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 Snappers
 

 


 Distribution & Size

There are 15 species of snappers in Florida waters.  Because of their slow growth rate the regulations governing these species is complicated and anglers should consult the regulations so they do not fall foul of the law. The five most common species of snapper are the Gray (Black or Mangrove) Snapper, Lane, Red, Yellowtail and Mutton Snappers.  Because of the slow rate of growth many of the snappers became scarce due to over fishing.  Their numbers over the last years have seen a revival which is probably due to netting bans and other regulations.

The Red Snapper (Lutjanus campechanus) Color pinkish red over entire body, whitish below. Long triangular snout. Anal fin is sharply pointed. No dark lateral spot. Red eye. Juvenile red snapper occur over sandy or mud bottoms. Sexual maturity is attained at age 2. A standard bottom feeding fish and is found on the Atlantic coast and the more northern deep waters of the gulf.  It is still found however in the south and middle Florida. General size is up to 20lbs.  Juveniles are found over sandy or a mud bottom and are often caught in shrimp trawls. Adults may live more than 20 years and obtain a weight of  35lbs. 
The Florida record is 46lbs 8ozs caught near Destin. 
The World Record is 50lbs 4oz. which is some fish !

The Lane Snapper ( Lutjanus synagris) Color silvery-pink to reddish with short, irregular pink and yellow lines on its sides. Diffuse black spot, about as large as the eye. The dorsal fin centered above the lateral line. The outer margin of caudal fin blackish. Juvenile lane snapper are found inshore over grass beds or shallow reefs. Adults are typically found offshore and are most common in south Florida. Lane snapper spawn from March through September. They are sexually mature at 6 inches. Lane snapper feed on the bottom, eating crustaceans, mollusks, and fish. Has a state wide distribution but tends to leave the northern part of Florida during the colder months. It is the smallest of the major species.  Most are caught of the fairly deep reefs and offshore waters.  During times of very hot weather they can be found in inshore waters.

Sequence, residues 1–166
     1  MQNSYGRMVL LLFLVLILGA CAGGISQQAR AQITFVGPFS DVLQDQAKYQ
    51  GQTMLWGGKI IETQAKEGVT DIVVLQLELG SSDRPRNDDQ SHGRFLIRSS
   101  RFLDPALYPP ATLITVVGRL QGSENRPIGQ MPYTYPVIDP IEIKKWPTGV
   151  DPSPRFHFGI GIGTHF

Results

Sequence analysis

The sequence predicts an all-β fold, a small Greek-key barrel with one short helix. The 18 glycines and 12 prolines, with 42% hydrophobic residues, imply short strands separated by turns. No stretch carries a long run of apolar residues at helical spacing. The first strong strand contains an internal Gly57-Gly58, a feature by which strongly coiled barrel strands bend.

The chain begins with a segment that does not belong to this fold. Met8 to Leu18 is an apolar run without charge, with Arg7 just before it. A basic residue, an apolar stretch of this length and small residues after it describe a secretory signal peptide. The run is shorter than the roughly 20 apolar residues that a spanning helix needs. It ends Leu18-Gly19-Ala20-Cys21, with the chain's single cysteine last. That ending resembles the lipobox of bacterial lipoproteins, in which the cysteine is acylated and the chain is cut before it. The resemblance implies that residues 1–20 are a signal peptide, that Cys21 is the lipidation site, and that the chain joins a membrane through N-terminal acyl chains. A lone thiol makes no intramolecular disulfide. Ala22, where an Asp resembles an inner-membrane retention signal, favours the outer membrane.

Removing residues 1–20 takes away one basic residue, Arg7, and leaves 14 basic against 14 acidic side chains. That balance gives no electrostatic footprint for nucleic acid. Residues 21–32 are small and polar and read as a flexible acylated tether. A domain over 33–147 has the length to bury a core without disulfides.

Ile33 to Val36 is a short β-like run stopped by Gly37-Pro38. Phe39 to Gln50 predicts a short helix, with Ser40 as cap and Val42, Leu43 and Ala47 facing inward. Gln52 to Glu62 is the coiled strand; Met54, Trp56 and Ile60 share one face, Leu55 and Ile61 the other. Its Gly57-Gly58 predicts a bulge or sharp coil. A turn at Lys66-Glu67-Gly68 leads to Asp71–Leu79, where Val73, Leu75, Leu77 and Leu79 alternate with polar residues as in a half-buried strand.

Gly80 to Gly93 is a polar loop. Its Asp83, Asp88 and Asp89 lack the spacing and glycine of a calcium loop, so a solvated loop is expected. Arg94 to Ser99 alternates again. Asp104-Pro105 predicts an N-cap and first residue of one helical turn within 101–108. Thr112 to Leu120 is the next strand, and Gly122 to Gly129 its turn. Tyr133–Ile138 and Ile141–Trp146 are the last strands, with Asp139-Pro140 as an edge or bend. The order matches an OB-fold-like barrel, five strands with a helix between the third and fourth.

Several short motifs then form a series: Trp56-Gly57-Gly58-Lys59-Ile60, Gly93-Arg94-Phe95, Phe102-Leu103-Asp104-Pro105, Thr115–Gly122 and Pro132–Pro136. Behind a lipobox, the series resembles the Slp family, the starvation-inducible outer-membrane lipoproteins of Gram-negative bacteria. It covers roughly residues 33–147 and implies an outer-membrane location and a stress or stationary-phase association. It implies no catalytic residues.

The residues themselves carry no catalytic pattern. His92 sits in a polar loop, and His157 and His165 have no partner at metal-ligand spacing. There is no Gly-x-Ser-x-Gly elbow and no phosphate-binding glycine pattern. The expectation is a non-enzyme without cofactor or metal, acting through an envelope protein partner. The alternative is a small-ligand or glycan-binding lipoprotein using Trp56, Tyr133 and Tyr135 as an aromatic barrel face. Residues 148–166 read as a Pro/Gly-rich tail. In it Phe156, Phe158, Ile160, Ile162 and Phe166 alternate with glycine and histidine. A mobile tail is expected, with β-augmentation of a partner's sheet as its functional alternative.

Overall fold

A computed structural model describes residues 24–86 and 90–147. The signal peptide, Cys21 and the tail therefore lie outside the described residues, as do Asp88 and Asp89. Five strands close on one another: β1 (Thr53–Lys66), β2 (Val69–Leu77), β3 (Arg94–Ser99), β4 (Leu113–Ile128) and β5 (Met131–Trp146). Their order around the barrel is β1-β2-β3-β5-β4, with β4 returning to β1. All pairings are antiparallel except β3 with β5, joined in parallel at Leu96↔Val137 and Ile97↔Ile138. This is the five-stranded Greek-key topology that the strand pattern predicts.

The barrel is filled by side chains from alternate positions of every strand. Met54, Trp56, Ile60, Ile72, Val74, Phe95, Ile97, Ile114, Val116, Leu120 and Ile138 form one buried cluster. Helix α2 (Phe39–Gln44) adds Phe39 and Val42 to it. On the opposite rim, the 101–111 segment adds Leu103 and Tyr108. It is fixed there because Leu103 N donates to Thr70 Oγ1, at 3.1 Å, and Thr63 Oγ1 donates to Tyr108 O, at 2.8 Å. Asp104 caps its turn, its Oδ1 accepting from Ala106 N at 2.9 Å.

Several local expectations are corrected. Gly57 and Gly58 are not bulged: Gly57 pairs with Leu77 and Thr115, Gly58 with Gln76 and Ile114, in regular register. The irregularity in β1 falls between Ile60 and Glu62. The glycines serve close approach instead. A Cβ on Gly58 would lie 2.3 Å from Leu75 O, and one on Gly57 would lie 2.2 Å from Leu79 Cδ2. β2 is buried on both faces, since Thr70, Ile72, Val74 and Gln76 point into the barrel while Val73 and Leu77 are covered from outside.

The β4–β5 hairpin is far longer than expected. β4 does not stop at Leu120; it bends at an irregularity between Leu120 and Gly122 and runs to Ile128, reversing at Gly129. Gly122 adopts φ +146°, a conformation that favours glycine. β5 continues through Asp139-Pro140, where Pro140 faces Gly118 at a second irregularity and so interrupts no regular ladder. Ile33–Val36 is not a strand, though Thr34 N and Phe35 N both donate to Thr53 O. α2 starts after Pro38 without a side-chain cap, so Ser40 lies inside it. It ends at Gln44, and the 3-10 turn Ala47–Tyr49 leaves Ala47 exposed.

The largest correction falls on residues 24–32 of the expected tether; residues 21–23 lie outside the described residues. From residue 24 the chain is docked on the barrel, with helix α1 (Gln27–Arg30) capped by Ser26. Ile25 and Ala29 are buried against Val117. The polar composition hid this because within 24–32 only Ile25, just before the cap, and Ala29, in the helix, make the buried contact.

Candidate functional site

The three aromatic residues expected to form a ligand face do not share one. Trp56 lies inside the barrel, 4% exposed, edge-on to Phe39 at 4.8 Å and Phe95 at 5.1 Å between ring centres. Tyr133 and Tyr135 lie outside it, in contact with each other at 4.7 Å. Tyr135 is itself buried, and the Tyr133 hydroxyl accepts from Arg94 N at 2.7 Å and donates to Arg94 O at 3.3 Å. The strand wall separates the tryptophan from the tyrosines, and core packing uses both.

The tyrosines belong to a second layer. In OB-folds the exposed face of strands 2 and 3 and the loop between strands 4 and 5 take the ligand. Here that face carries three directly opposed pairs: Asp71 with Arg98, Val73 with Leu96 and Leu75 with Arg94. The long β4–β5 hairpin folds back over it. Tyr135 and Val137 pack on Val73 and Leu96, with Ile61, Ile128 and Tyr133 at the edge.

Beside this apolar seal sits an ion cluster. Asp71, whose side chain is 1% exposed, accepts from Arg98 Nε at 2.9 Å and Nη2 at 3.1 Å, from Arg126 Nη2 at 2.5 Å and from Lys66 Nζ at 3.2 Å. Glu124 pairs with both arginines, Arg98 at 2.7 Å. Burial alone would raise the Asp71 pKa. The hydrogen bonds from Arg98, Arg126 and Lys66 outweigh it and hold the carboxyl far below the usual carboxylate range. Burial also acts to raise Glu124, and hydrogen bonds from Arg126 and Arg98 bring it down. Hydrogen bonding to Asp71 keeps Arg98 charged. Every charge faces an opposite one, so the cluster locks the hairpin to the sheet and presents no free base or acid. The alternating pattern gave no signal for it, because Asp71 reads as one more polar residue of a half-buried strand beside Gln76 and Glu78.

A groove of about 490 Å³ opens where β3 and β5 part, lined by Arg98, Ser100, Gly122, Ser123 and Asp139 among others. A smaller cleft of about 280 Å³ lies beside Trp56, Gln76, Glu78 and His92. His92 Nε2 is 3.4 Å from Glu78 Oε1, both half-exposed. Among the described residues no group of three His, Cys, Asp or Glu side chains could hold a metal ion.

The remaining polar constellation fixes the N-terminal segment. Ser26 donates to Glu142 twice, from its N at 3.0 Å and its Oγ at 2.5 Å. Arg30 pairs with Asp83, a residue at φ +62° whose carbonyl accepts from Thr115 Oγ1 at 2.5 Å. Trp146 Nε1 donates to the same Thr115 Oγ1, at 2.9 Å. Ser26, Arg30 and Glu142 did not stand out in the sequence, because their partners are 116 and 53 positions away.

The Florida record is 6lbs 6ozs caught near Pensacola and the World record is 7lbs.

The Vermillion or Mingo Snapper (Rhomboplites aurorubens) Color of entire body reddish, with a series of short, irregular lines on its sides, diagonal blue lines formed by spots on the scales above the lateral line; sometimes with yellow streaks below the lateral line; large canine teeth absent; orientation of mouth and eye give it the appearance of looking upward; no dark lateral spot. Suspends at mid-depths over rocky reefs OFFSHORE. Spawns April to September, females maturing at 3 to 4 years of age; grows slowly; attains weight of 6 pounds and length of 24 inches; feeds on small, swimming crustaceans and mollusks. This species is not currently eligible for a state record. Juvenile gray snapper are found inshore in tidal creeks, mangroves, and grass beds. Adults are generally found nearshore or offshore on coral or rocky reefs. Is the smallest of the five most common species caught.  Its habitat area is the same as that of the Red Snapper.  The average fish rarely exceeds 1lb and a fish of around 5lb is unusual.